The Subscription Box Craze and the Mindlessness of Wasteful Spending

It’s time for another edition of Piggy Complains About Wasteful Spending! In this episode, I’m going to cover a recent phenomenon so antithetical to both minimalism and frugal spending that it has literally left me apoplectic with indignation. I am speaking, of course, of the monthly subscription box.

As best I can tell, the subscription box trend started with Birch Box, a monthly package of beauty product samples to which you can subscribe. Here’s how the model works: you pay a monthly subscription and in exchange you’re sent a monthly box of stuff. You do not get to choose the stuff. You are not told what the stuff will be. And usually you don’t get to exchange the stuff for stuff you would prefer.

Most of the companies providing this service have a theme: there’s the dog theme, the nerd theme, the clothing theme, the healthy snack theme, the makeup theme, I shit you not the Ron Swanson theme, the I-need-help-meal-planning theme, the affluent vegan theme, the agoraphobic bookworm theme, and the I-find-the-wine-selection-at-my-local-liquor-store-intimidating theme, just to name a few.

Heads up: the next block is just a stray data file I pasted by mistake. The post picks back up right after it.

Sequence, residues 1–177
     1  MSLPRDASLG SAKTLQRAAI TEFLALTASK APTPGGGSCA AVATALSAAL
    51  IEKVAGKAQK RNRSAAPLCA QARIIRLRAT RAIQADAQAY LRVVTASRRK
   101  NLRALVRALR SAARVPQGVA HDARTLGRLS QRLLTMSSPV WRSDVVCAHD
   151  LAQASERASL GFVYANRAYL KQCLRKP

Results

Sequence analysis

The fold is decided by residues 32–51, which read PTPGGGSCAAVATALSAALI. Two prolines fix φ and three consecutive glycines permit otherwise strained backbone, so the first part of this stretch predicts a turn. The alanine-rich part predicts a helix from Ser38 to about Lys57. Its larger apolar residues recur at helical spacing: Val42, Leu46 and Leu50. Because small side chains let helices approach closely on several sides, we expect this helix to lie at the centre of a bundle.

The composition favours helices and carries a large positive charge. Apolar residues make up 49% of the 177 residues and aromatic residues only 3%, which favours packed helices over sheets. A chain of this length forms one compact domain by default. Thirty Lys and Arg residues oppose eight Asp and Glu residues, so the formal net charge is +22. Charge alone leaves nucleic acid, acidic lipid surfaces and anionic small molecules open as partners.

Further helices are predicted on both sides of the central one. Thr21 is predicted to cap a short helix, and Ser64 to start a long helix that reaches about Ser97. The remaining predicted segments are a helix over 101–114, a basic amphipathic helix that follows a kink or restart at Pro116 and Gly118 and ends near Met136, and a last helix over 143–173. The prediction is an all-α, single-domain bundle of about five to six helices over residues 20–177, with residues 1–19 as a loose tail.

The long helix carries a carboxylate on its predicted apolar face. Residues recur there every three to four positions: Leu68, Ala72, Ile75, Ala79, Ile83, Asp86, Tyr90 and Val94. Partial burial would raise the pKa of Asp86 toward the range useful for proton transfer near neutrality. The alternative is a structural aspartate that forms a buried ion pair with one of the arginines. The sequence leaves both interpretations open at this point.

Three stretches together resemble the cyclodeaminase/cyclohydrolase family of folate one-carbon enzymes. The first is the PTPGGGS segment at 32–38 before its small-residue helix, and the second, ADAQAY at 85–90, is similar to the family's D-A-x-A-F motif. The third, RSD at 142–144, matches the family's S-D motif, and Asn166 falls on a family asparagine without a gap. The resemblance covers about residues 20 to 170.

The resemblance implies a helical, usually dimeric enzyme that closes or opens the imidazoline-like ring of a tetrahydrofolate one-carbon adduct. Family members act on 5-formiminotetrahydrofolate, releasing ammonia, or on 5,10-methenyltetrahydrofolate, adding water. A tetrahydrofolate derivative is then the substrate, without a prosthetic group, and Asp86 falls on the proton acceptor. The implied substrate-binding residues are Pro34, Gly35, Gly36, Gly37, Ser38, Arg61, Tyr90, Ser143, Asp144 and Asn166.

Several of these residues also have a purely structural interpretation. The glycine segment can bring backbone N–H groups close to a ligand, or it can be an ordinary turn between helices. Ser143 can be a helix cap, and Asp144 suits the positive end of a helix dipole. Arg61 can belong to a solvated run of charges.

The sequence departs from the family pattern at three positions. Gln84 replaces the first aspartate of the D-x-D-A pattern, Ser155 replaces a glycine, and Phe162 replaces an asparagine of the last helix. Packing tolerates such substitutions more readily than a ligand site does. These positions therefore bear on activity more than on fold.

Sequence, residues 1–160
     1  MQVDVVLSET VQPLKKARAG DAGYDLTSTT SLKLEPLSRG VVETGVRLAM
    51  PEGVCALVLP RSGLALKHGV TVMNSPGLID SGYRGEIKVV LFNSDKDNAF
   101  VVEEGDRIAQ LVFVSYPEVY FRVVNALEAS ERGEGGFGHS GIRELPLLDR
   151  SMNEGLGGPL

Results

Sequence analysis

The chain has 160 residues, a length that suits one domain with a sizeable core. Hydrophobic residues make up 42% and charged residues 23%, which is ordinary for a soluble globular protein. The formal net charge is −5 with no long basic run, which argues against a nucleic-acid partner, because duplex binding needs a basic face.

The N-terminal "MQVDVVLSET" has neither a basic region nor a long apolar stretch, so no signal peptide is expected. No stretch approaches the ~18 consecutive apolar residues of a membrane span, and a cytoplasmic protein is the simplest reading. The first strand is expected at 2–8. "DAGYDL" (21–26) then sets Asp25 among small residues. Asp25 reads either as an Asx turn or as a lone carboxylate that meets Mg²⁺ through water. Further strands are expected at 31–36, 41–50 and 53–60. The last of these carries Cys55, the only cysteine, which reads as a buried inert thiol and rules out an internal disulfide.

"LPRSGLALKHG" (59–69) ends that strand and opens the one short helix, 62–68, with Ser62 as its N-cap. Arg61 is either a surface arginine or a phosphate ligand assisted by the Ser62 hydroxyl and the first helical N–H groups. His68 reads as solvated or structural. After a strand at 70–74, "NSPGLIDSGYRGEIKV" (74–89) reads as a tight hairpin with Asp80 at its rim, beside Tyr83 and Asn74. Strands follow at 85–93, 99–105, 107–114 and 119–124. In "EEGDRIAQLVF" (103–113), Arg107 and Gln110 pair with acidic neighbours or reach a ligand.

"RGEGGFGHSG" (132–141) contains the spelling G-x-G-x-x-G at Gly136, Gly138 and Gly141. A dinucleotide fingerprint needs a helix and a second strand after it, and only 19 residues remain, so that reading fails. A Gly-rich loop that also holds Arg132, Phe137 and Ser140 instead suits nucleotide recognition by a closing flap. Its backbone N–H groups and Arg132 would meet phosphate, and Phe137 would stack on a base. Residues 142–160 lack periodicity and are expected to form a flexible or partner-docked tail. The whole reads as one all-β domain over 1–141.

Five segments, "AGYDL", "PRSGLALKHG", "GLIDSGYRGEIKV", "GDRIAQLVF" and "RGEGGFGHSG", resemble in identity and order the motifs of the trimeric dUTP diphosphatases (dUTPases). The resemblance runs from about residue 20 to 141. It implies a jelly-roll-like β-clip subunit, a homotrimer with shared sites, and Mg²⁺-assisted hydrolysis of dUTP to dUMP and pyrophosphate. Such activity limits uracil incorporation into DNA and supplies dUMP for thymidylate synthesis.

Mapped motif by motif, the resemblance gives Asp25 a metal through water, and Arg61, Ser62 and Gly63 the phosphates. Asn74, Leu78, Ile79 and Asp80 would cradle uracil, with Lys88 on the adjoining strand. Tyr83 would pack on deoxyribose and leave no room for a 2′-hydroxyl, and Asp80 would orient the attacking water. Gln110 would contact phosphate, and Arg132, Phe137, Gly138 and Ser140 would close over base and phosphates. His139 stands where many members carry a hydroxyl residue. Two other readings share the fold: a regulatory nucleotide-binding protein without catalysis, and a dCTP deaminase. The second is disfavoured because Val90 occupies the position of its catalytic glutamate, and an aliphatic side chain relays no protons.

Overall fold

The point, I guess, is that everyone loves surprises (except me, I fucking hate them). Getting a surprise box in the mail is exciting! I wonder what it could be! Every month a new and intriguing mystery to solve! Here, just have my money in exchange for this regularly scheduled feeling of delight and curiosity!

But is that feeling… worth the money? And is the contents of your subscription box even all that necessary or enriching to your life? I’m here to systematically answer these questions and shit all over your fun!